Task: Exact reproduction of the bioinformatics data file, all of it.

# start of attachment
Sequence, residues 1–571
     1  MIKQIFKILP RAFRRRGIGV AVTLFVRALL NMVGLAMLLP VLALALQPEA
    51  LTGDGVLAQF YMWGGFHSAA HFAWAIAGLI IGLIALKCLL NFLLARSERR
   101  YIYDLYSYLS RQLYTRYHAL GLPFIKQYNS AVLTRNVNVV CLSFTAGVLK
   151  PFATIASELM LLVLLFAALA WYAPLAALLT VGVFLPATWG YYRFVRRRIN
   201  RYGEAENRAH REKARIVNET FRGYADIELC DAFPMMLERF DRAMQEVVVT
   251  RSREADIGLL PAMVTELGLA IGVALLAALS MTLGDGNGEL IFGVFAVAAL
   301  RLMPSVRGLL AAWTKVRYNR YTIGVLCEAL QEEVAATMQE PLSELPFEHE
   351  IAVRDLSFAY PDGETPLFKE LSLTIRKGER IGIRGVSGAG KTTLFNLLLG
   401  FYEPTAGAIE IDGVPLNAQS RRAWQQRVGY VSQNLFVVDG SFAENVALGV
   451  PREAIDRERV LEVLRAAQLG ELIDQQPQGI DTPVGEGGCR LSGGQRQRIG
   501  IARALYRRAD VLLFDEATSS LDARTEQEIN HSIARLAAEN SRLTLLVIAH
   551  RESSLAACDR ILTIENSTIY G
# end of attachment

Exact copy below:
Sequence, residues 1–571
     1  MIKQIFKILP RAFRRRGIGV AVTLFVRALL NMVGLAMLLP VLALALQPEA
    51  LTGDGVLAQF YMWGGFHSAA HFAWAIAGLI IGLIALKCLL NFLLARSERR
   101  YIYDLYSYLS RQLYTRYHAL GLPFIKQYNS AVLTRNVNVV CLSFTAGVLK
   151  PFATIASELM LLVLLFAALA WYAPLAALLT VGVFLPATWG YYRFVRRRIN
   201  RYGEAENRAH REKARIVNET FRGYADIELC DAFPMMLERF DRAMQEVVVT
   251  RSREADIGLL PAMVTELGLA IGVALLAALS MTLGDGNGEL IFGVFAVAAL
   301  RLMPSVRGLL AAWTKVRYNR YTIGVLCEAL QEEVAATMQE PLSELPFEHE
   351  IAVRDLSFAY PDGETPLFKE LSLTIRKGER IGIRGVSGAG KTTLFNLLLG
   401  FYEPTAGAIE IDGVPLNAQS RRAWQQRVGY VSQNLFVVDG SFAENVALGV
   451  PREAIDRERV LEVLRAAQLG ELIDQQPQGI DTPVGEGGCR LSGGQRQRIG
   501  IARALYRRAD VLLFDEATSS LDARTEQEIN HSIARLAAEN SRLTLLVIAH
   551  RESSLAACDR ILTIENSTIY G